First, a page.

Part of it, I think, is plain Judeo-Christian work ethic which has as one of its key—although seldom discussed—components that you are supposed to do unsatisfying things first before you can do satisfying things: for the same reason that you eat dessert last and dinner first. You always save the most pleasurable for last. The problem with that theory in this workaholic age is that you can very easily get yourself into a situation where by virtue of the sheer volume of work that we're all required to do, you NEVER actually get to what it is that you WANT to do and you are ALWAYS doing things that are less interesting to you because you're labouring under the delusion that at some point there will come an end to the things you don't want to do when the evidence is very much to the contrary.
My problem is that it's hard to tell the difference sometimes. I think myself obligated to do things like the Blog & Mail because it seems to be making a difference in sales and obviously I'm interested in generating more sales. If it isn't generating more sales (and I talked about this with Chet as well) and it just so happens that we were due for a little sales spurt that has now come and gone then there are any number of other ways that I'd rather be spending my time—like doing another Siu Ta: So Far strip or commentaries on Mark or my secret project. And that's where this links up to this commissioned piece that I'm working on (and discussing as I'm working on it). By waiting for something that banged a gong with me—a Ditko-influenced piece—I'm not sure if I'm not just refining my own level of self-distraction. I mean I really would rather be doing those other things but by incorporating the Blog & Mail and sticking to a theme that interests me at the upper end of my disinterest I would have to say that arguably I have possibly become the serpent in my own garden, tempting myself away from what it is that I want to do.
There's also the interesting question of whether I'm doing myself any good here talking about Steve Ditko and Dr. Strange and Mr. A. All of those are considered to be in the mainstream culture of comic books, genre fiction, etc. which is supposedly the death knell for anything that has any larger ambitions. I THINK I had larger ambitions with Cerebus but I don't know if I'm driving people away by talking about mainstream stuff or casting a wider net. Again, it's the difference between answering the mail and getting a letter from a Steve Ditko fan who wants to know what I think of Mr. A and just using the fact that Mr. A dropped into my lap as I was working on a Ditko-influenced commission as an excuse to talk about Mr. A.
I mean, I'm definitely looking forward to talking about Mr. A…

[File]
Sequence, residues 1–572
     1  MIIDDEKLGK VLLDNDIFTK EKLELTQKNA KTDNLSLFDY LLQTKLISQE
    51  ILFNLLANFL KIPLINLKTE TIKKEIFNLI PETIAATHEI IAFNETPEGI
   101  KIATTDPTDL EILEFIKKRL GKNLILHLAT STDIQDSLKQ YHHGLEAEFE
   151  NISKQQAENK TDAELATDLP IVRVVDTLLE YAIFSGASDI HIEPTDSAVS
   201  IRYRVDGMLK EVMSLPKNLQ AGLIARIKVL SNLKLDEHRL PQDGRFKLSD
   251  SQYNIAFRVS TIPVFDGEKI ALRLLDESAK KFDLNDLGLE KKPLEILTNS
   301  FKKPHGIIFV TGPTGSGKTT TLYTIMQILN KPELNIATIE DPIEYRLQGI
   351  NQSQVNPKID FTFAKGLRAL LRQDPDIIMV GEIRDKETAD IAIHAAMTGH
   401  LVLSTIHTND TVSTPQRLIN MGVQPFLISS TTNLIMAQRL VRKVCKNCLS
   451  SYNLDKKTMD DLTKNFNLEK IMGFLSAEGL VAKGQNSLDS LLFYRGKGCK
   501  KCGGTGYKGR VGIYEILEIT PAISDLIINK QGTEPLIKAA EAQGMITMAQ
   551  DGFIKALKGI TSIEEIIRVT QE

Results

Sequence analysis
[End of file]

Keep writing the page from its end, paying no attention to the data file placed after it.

…but I'd still rather be doing my commentaries on Mark.
Viewers of the www.cerebusart.com website have probably noticed by now that the calendar has been taken down. It turns out that two commissioned pieces a month is going to be a little optimistic over the next while. So, instead, I'm inviting interested individuals to contact me by phone (519.576.0610) to discuss any commission that they are interested in. When you phone, I can let you know what the current high offer is for the next commissioned piece after Dr. Strangeroach is and which I will be beginning probably after Christmas or early in the New Year (so I can get some uninterrupted working time on my secret project and commentaries on Mark). If you want a Gerhard background, you can let me know on the phone and then negotiate with Gerhard separately. The best rule of thumb on a Dave Sim commission is that you will get the best results if you are paying roughly $400 to $600 per figure. That is, a $1,000 commission of Cerebus and Jaka is going to look better than a $1,000 commission of Cerebus, Jaka, the Roach, Lord Julius, Astoria and Konigsberg. If you let me know what you're interested in, I can let you know what part of your picture is going to be the most time-consuming and then leave it up to you as to whether you want to stick to your original request or modify it in order to get more picture for your money.
That number again is 519.576.0610
REPLIES POSTED ON THE CEREBUS YAHOO! GROUP
If you wish to contact Dave Sim, you can mail a letter (he does NOT receive emails) to:
Aardvark Vanaheim, Inc
P.O. Box 1674
Kitchener, Ontario, Canada N2G 4R2
Looking for a place to purchase Cerebus phonebooks? You can do so online through Win-Mill Productions -- producers of Following Cerebus. Convenient payment with PayPal:
Or, you can check out Mars Import:
Or ask your local retailer to order them for you through Diamond Comics distributors.